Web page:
before the delivery (as should every other piece of
medical equipment), and the weather should be
monitored. In addition, a previous arrangement
with a medical facility needs to be in place to
ensure a safe and timely transport in the event of
Subsequent newborn care should adhere to the AAP standards as described
in Guidelines for Perinatal Care as well as to the AAP statement
regarding care of the well newborn infant.
Transitional care (first 4–8 hours)
Monitoring for group B streptococcal disease
Assessment of feeding
Screening for hyperbilirubinemia
Universal newborn screening
Provision of follow-up care
Travel time from home to the
hospital was estimated using the
time needed to travel by road
between the postal code of the
woman’s residence and the postal
cod of the Hospital
Birthing pools were integrated into mainstream maternity care in the United Kingdom in
1992 after a recommendation that all maternity services provide women with the option to
labor or deliver in water , and their use is supported by national practice guidelines.
By 2007, 95 percent of maternity services in the United Kingdom had a birthing pool .
In response to professional and maternal concerns about the routine overuse of labor
interventions and a decline in the spontaneous birth rate from 76.7 percent in 1990/1991 to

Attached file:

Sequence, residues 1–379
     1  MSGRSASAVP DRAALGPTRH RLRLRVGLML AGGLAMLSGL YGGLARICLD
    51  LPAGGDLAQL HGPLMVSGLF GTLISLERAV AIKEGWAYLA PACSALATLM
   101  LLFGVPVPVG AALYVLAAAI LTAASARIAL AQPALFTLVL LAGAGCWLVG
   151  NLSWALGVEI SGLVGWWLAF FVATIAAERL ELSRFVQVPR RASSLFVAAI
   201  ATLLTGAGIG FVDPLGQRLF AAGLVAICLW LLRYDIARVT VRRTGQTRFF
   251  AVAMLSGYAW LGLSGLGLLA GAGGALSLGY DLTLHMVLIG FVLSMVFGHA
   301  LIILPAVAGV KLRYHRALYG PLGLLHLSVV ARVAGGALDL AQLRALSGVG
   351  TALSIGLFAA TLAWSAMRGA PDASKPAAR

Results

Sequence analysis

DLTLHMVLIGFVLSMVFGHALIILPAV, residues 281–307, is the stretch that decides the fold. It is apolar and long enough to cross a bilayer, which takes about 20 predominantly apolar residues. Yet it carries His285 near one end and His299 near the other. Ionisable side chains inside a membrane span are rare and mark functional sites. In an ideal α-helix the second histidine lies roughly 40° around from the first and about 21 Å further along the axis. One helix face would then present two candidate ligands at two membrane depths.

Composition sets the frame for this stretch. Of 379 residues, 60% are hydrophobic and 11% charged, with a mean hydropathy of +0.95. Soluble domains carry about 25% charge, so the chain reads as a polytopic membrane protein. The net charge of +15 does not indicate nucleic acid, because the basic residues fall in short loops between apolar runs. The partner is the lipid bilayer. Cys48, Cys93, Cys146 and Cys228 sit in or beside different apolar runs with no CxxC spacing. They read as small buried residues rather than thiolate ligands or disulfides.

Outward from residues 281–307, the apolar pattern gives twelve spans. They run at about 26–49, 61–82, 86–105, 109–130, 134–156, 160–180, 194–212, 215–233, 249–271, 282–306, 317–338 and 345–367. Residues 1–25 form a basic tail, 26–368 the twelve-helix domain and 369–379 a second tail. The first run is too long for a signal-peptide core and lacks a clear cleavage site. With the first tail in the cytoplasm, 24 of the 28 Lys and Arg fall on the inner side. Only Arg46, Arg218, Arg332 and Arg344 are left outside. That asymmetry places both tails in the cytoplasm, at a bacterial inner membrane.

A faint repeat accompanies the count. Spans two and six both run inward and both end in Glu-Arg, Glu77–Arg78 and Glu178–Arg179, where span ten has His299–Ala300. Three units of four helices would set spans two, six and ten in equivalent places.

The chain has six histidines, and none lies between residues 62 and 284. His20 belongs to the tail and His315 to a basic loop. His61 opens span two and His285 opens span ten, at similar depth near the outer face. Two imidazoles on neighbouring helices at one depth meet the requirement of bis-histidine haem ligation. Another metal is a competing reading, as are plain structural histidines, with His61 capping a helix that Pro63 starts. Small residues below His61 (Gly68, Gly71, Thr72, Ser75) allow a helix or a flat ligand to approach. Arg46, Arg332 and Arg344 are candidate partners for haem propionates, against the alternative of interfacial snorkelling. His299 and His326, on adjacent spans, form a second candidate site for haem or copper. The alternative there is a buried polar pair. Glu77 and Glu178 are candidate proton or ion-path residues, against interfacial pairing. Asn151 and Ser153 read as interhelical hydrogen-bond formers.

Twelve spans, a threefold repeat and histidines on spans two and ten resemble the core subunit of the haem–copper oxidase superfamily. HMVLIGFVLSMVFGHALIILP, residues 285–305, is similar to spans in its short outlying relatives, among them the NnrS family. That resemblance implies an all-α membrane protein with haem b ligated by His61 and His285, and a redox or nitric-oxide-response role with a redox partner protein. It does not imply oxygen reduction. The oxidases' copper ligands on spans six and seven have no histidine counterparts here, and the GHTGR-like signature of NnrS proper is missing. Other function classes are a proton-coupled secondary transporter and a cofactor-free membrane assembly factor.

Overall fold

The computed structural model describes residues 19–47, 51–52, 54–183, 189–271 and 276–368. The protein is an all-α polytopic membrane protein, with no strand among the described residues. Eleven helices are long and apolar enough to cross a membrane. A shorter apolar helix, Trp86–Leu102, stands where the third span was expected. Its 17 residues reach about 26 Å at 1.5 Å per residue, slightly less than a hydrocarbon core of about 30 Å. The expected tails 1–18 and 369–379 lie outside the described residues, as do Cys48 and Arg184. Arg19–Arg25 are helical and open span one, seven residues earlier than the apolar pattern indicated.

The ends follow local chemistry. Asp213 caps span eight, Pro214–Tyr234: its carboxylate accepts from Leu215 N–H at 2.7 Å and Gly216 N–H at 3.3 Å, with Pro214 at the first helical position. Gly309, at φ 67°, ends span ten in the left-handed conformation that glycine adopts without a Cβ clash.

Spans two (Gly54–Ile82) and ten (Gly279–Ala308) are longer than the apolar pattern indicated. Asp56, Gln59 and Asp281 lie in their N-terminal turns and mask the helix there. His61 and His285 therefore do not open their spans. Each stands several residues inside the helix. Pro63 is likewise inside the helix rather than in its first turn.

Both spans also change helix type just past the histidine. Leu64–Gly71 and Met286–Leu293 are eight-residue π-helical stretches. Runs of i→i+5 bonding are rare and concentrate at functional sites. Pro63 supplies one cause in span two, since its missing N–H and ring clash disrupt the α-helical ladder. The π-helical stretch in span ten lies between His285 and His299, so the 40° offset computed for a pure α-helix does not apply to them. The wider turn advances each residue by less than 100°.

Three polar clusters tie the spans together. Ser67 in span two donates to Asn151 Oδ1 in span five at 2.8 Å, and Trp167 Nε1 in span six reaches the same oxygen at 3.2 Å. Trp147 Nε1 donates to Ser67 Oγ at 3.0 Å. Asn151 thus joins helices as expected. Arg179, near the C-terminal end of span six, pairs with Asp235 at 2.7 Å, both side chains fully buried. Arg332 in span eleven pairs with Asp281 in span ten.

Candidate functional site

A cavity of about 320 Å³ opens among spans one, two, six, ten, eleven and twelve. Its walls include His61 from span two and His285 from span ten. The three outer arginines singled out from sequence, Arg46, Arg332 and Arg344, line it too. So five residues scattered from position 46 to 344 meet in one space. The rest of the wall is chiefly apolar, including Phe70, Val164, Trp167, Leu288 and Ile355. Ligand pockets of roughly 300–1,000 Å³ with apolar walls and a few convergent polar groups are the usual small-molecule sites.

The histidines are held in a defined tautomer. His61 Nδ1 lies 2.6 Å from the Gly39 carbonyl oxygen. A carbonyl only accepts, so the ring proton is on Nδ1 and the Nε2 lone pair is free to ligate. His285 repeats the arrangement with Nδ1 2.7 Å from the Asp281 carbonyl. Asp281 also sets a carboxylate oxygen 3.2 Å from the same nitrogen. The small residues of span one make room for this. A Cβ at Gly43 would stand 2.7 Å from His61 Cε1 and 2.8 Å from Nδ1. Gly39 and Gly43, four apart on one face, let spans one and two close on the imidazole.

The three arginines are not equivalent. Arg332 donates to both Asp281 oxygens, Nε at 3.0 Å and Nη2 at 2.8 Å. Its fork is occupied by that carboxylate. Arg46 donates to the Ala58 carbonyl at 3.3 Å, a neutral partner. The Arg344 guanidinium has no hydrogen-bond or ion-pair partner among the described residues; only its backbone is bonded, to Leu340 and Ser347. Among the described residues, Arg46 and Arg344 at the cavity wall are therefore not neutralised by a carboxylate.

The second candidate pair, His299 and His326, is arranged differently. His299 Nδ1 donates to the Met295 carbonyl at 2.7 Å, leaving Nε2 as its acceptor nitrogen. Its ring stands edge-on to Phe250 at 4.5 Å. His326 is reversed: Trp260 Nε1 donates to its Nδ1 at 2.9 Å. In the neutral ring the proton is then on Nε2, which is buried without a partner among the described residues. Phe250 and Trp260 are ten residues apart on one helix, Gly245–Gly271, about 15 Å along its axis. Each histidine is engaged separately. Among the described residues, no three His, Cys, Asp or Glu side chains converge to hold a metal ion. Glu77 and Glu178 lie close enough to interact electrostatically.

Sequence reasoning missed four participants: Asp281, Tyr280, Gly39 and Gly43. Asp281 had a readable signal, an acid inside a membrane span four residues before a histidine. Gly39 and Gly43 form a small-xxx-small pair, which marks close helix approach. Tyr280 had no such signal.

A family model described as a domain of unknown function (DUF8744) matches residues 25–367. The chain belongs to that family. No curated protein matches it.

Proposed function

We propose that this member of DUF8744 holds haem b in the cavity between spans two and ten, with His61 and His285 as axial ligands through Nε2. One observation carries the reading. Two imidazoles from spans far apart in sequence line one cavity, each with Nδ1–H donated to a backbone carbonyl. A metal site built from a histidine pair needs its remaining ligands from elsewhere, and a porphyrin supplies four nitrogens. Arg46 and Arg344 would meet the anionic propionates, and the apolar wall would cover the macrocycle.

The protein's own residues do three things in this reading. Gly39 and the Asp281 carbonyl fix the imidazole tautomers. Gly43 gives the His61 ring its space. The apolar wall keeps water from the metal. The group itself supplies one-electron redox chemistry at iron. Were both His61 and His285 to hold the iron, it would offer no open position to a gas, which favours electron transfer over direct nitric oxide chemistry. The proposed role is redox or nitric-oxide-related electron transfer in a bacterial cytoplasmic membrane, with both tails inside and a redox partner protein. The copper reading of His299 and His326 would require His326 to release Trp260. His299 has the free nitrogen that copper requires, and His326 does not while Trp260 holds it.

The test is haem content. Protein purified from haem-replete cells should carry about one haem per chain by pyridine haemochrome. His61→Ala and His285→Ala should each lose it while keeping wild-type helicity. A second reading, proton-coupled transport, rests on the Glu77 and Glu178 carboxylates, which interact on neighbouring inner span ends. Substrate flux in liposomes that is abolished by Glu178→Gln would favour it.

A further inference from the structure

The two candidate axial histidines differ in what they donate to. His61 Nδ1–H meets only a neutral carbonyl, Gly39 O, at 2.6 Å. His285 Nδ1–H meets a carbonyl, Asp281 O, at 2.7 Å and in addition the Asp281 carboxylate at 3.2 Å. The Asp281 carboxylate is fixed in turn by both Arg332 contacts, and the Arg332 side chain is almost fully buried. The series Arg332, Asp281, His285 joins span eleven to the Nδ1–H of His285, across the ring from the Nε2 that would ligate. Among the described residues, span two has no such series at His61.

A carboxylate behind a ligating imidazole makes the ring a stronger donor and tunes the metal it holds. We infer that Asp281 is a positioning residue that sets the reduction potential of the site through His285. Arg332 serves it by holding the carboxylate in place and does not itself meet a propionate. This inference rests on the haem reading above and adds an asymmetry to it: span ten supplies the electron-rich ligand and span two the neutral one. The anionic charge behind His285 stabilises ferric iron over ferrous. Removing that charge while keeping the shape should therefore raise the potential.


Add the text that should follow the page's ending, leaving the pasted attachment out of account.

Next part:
67.7 percent in 2009/2010, a national drive to normalize birth has occurred . Birthing
pools are promoted as a care option that increase a spontaneous birth with fewer
interventions , and are chosen by women primarily as a means of nonpharmacologic pain
relief and to facilitate normal birth.s the likelihood that a woman will achieve
Randomized controlled trials on birthing pool use during the first stage of labor have shown
a significant reduction in the use of epidural analgesia, and no adverse maternal or
neonatal effects .
Observational studies have also shown that women who used a birthing pool were
significantly less likely to require labor augmentation or epidural analgesia, or to sustain a
perineal tear, and more likely to have a spontaneous birth.
• There is some evidence to suggest that immersion
in water, relaxation, acupuncture, massage and local
anaesthetic nerve blocks or non-opioid drugs may
improve management of labour pain, with few adverse
• Evidence was mainly limited to single trials.
• These interventions relieved pain and improved